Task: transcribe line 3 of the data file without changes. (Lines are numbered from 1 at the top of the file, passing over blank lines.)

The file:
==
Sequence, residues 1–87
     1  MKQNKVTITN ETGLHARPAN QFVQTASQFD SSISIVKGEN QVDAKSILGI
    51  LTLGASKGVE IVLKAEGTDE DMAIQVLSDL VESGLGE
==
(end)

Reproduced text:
    51  LTLGASKGVE IVLKAEGTDE DMAIQVLSDL VESGLGE